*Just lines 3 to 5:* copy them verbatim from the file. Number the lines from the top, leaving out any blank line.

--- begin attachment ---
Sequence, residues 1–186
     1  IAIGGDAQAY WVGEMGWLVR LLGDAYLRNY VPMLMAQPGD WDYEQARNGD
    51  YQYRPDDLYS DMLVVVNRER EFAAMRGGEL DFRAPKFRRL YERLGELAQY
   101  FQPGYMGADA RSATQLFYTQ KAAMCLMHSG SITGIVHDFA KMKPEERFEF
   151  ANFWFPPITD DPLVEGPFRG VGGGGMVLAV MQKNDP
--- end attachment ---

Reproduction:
    51  YQYRPDDLYS DMLVVVNRER EFAAMRGGEL DFRAPKFRRL YERLGELAQY
   101  FQPGYMGADA RSATQLFYTQ KAAMCLMHSG SITGIVHDFA KMKPEERFEF
   151  ANFWFPPITD DPLVEGPFRG VGGGGMVLAV MQKNDP